Bankrupt crypto lender Celsius Network has filed a complaint against lending firm EquitiesFirst Holdings in a bid to recoup assets.

According to a sealed adversary complaint filed on Sept. 6, Celsius is seeking injunctive relief and a declaratory judgment associated with the “recovery of money/property” — according to the title of the docket.

The filing named both EquitiesFirst and its CEO Alexander Christy as defendants. Additionally, Celsius filed a summons on the same day, requiring that the private lender provide a motion or answer within 35 days.

<em>The sealed adversary&nbsp;complaint filed against EquitesFirst Holdings. Source: Stretto</em>

EquitiesFirst Holdings is an Indianapolis-based private lending company that reportedly owed Celsius Network $439 million as of July 2022.

Celsius first began taking collateralized loans from EquitiesFirst in 2019 to “support its operations” owing to what Alex Mashinsky described in a subsequent bankruptcy filing as a “lack of institutional lending available to cryptocurrency companies,” at the time.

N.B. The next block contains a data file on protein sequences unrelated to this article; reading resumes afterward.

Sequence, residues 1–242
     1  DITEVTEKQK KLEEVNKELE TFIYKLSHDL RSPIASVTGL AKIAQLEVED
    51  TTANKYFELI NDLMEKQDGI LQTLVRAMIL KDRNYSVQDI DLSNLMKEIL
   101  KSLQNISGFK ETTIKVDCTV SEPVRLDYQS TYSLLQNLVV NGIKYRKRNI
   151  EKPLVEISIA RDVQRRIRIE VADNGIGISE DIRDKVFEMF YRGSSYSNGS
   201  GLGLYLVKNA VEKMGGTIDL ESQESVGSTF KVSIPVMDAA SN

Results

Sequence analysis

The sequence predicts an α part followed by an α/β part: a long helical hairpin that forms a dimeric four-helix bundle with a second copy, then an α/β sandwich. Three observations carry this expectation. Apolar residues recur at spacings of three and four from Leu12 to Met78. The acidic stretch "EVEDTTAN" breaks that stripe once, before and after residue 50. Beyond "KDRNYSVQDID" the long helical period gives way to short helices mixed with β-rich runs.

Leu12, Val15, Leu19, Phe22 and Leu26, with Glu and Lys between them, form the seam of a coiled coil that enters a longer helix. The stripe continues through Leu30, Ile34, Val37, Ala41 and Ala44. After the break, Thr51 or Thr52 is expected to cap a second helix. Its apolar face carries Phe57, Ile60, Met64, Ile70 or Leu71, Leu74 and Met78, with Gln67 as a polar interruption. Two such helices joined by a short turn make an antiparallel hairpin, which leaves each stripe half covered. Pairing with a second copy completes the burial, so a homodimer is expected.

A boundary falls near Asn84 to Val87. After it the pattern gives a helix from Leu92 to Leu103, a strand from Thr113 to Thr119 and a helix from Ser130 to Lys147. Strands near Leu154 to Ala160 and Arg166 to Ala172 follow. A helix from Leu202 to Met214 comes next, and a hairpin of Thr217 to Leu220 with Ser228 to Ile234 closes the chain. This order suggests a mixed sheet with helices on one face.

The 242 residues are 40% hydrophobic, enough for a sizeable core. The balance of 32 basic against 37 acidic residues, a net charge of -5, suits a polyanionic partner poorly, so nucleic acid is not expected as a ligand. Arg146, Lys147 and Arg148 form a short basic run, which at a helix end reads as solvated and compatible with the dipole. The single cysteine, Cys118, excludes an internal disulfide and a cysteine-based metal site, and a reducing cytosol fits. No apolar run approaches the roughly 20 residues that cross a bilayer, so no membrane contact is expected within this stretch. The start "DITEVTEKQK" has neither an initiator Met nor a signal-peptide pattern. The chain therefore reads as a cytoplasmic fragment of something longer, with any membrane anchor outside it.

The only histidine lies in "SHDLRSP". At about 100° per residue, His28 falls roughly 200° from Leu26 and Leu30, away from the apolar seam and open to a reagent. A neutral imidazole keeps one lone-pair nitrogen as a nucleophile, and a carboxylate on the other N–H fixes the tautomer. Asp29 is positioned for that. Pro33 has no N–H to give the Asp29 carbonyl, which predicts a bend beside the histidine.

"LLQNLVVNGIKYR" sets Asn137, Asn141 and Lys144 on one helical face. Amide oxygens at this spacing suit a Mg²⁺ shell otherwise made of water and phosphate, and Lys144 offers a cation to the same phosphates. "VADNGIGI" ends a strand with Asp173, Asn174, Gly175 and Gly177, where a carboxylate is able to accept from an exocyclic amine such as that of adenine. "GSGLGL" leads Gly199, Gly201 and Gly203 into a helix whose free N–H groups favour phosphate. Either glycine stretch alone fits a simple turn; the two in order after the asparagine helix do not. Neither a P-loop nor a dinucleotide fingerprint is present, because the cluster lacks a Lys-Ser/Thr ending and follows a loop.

However, in July 2021, Celsius Network sought to retrieve the collateral it had pledged to EquitiesFirst but was informed that the lender could not return the amount Celsius had provided.

As of July 2021, Celsius was owed a total of $509 million by EquitiesFirst. The increase from $439 million to $509 million was due to the loans being over-collateralized. Since September 2021, the debt has been slowly repaid at a rate of $5 million per month.

As of July 2022, EquitiesFirst owed Celsius $439 million, with the debt being comprised of $361 million in cash and 3,765 Bitcoin (BTC).

Related: Alex Mashinsky’s assets frozen by US court as part of criminal case

Celsius Network was among the major casualties of the 2022 bear market, filing for Chapter 11 bankruptcy protection on July 14, 2022.

Celsius’ former CEO Alex Mashinky was arrested on July 13 this year, with authorities accusing him of misleading Celsius users and defrauding investors out of billions of dollars.

Notably, The Federal Trade Commission issued Celsius with $4.7 billion in fines for allegedly “duping” users, but suspended the judgement in order for the platform to use the assets as part of its bankruptcy proceedings.

Celsius creditors are currently voting on a settlement plan that — if approved — would see a consortium called Fahrenheit buy Celsius’ assets and return Celsius creditors funds by way of launching a new company.

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